If you don’t have a budget, I am sure we could figure out what to do with that extra money burning a hole in your pocket. All jokes aside, the following elements need to be considered:

  • Type of budget
  • Projected results
  • Participants’ earnings potential
  • Length of program

Program structures can be based on either open or closed budgets. Closed budget structures are designed to not exceed a specified amount, such as a “Scratch & Win” or another gamification element where a pre-determined number of winners and reward spend is known upfront.

In comparison, open budget structures are variable. The program spend is based on the performance delivered. These structures are typically known as “pay for performance” programs in that they are typically designed so that clients pay only for incremental sales and/or over-objective performance. If designed correctly, these types of programs can pay for themselves.

Once you have determined your budget strategy (open vs. closed), the next step is to determine the value of the budget. The two elements to consider are projected results and potential earnings. Determining the projected results for the program will help you uncover the overall value of your total budget spend. Understanding the value of the reward that will motivate your program audience will help you determine the potential earnings value.

The last piece of the budget puzzle is program duration. Studies show that longer-term programs tend to drive higher levels of performance. However, in this fast-paced world, organizations need to have the flexibility to address and adapt to marketplace changes. Ideally, a program would feature both long-term and short-term objectives. Longer-term components should address critical business objectives that are key to organizational success. Shorter-term programs could be used to address seasonal or immediate market needs.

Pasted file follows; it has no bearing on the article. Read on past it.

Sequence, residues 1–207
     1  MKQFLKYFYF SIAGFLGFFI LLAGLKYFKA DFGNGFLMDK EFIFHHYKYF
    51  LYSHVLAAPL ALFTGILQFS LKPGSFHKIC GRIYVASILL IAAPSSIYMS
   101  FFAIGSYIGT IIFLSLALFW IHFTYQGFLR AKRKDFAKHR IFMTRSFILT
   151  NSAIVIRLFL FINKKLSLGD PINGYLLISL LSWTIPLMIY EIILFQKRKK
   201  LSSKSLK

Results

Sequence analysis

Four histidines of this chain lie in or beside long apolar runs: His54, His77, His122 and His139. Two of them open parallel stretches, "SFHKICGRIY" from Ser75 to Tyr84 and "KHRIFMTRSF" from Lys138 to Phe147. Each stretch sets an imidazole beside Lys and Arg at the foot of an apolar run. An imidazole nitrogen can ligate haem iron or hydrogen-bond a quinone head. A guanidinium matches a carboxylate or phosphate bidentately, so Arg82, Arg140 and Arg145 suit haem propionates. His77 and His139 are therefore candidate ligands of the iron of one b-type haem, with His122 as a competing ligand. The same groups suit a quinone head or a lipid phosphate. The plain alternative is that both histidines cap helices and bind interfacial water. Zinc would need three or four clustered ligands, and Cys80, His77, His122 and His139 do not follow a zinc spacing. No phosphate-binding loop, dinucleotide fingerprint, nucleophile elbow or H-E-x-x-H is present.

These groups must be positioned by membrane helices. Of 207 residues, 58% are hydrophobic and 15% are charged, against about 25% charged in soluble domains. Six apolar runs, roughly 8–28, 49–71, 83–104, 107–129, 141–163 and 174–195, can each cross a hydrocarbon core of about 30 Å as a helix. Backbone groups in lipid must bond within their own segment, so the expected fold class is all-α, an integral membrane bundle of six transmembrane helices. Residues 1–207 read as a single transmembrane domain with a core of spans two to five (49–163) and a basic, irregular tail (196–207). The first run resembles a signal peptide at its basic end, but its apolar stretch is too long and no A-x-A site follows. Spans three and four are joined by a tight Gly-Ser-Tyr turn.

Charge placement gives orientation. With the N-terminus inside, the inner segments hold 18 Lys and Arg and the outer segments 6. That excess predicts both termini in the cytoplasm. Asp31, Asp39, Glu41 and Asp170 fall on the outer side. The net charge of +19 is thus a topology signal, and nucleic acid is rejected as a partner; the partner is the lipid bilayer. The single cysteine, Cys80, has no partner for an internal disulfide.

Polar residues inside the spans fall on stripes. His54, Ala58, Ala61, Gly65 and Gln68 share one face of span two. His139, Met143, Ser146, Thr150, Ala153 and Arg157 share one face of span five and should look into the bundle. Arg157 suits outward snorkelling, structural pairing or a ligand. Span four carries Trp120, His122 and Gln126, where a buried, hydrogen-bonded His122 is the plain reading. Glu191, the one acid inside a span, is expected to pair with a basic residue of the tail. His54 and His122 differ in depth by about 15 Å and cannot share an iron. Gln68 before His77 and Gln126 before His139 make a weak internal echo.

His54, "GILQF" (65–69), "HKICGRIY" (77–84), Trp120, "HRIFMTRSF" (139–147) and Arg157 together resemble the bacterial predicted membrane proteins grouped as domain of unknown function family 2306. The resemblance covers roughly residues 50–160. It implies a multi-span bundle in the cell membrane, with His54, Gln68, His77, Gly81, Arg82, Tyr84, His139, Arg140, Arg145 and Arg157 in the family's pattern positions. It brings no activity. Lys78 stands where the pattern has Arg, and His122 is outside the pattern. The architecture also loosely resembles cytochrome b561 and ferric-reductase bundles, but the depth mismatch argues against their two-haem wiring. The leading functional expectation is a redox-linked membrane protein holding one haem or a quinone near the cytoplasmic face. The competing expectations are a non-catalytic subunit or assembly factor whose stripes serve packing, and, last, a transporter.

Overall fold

4. How will success be measured?

Successful incentive program

Rinse, test, and repeat. Measurement is ongoing for incentive and recognition program management. Successful programs embrace the program and member-level analytics to understand performance drivers and influence behavior. The way you measure success should be established from the very beginning.

This program will be a success if…

  • We reach __% of our overall sales goal
  • We sell __incremental units/market share
  •  _% of our channel partners participate
  • _% of eligible participants actively participant and earn
  • Understand what behaviors drive success
  • Impact on customer service or loyalty
  • Strengthen relationships with your best performers

Establishing the success parameters upfront will drive you to identify the tracking mechanisms needed to measure the program greatness. In some cases, where reports and systems information are not available, additional tracking tools may be required. As an example, if channel partners are involved, a claims process is often a part of the tracking/measurement tool.

It is also important to develop a measurement approach that captures data on KPIs throughout the program and make recommendations to improve campaign effectiveness. Any necessary changes—to the rules, communications, technology or rewards—can be made to drive even greater return on investment.

There you have it. Strategic sales incentive design begins with the end in mind. One10 has decades of experience working with companies on their program design. Contact us for more info.